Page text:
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Avoid putting baby down with bottle?
Q: I have always heard you should not let a baby go to bed with a bottle. I know juice and milk or formula can cause tooth decay, but what about water?

My 8-month-old cries when I put her to bed, but I've found that 4 oz. of water in a bottle seems to soothe her. I check on her frequently when she has a bottle. Am I causing or risking something by doing this?
A: Nicole, thanks for your question about putting your baby to sleep with a bottle.

You're right that it's best to avoid putting your baby to sleep with a bottle of milk or juice, since this can cause serious tooth decay. The other main reason not to put your baby to bed with a bottle is that it can cause ear infections. This is because the fluid from the bottle—and whatever germs it picks up in your baby's mouth—can drain into your baby's Eustachian tubes at the back of her throat, which lead to her middle ear. Although ear infections are more likely to result from milk or juice in the bottle, since they're a sugary breeding ground for germs, water in the bottle can also carry germs to the middle ears. Another concern about giving your baby a bottle of water for bed is that she could choke on the water.

When you give your baby the bottle at bedtime, maybe it's not the water but rather the sucking that's comforting her. Try giving your baby a pacifier instead of the bottle at bedtime. Even if she doesn't take the pacifier at first, keep trying with the same pacifier for a couple weeks, and even try different shaped pacifiers to see if you can find one she likes.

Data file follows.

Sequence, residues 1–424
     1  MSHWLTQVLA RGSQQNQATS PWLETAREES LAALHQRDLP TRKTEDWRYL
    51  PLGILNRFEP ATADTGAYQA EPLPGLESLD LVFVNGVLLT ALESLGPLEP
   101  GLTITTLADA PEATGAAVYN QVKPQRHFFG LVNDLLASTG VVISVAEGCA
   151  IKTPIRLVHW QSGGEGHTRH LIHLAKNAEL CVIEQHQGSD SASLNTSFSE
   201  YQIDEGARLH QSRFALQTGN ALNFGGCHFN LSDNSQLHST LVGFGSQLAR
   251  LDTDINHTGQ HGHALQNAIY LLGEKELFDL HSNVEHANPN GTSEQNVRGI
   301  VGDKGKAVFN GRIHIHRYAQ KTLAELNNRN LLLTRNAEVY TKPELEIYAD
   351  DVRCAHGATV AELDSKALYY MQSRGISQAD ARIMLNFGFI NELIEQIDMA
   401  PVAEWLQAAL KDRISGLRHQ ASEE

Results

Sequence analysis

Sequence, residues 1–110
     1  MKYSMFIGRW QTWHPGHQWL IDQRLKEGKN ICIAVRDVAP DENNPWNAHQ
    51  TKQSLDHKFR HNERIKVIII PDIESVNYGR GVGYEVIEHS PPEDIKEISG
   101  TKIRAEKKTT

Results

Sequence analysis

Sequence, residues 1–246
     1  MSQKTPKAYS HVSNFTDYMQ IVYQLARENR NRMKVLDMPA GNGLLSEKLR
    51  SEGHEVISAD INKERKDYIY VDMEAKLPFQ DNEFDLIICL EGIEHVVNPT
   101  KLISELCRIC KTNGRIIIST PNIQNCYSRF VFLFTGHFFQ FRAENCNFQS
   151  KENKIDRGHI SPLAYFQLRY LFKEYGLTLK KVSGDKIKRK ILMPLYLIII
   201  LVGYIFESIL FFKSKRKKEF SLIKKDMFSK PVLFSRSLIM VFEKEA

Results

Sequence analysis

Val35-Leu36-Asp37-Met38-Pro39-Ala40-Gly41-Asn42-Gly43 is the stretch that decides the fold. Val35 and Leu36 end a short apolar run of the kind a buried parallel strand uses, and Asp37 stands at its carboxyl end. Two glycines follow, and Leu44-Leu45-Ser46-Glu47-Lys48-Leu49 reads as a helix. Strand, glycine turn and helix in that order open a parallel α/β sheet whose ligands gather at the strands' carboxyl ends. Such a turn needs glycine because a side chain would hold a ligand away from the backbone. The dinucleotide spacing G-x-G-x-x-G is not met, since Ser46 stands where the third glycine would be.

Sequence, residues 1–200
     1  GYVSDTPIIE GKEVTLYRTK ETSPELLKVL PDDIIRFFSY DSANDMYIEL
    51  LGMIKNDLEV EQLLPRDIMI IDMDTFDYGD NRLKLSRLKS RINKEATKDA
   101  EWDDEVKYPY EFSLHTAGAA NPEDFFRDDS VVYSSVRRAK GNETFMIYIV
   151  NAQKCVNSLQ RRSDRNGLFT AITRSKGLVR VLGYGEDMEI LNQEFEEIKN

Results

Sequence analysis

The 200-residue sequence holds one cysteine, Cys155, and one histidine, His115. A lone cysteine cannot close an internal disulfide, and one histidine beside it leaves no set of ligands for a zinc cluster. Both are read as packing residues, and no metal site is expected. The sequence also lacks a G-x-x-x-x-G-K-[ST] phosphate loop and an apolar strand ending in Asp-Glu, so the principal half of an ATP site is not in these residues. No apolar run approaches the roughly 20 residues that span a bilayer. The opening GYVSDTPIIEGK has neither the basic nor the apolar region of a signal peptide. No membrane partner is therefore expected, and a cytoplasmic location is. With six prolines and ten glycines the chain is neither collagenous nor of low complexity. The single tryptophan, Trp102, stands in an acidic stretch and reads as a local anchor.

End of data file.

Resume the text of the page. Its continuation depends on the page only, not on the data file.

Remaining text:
Also, take another look at your evening schedule. A regular, calming routine every night can help your baby wind down and fall asleep more peacefully. After dinner, play quietly and avoid too much excitement and stimulation. You might turn down the lights, give her a warm bath, read to her, sing to her, rock her in your arms, and give her the pacifier. Look for her signs that she's ready to fall asleep, like rubbing her face, pulling on her ear, yawning, or fussing. Put her to sleep when she's ready, rub her tummy, say goodnight, and give her a kiss. Over time, she'll be safer and more comfortable falling asleep without the bottle.
Karen Sokal-Gutierrez M.D., M.P.H. Pediatrician